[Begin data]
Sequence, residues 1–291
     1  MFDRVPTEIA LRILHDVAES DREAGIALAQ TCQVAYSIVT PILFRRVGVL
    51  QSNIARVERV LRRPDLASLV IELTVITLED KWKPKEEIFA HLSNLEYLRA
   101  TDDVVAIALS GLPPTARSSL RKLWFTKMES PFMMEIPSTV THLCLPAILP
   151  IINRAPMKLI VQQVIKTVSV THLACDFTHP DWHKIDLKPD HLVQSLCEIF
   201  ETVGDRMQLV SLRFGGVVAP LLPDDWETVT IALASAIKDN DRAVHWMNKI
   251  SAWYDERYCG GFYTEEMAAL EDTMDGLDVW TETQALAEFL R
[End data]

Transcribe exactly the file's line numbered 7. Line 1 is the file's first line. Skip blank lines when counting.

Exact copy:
   251  SAWYDERYCG GFYTEEMAAL EDTMDGLDVW TETQALAEFL R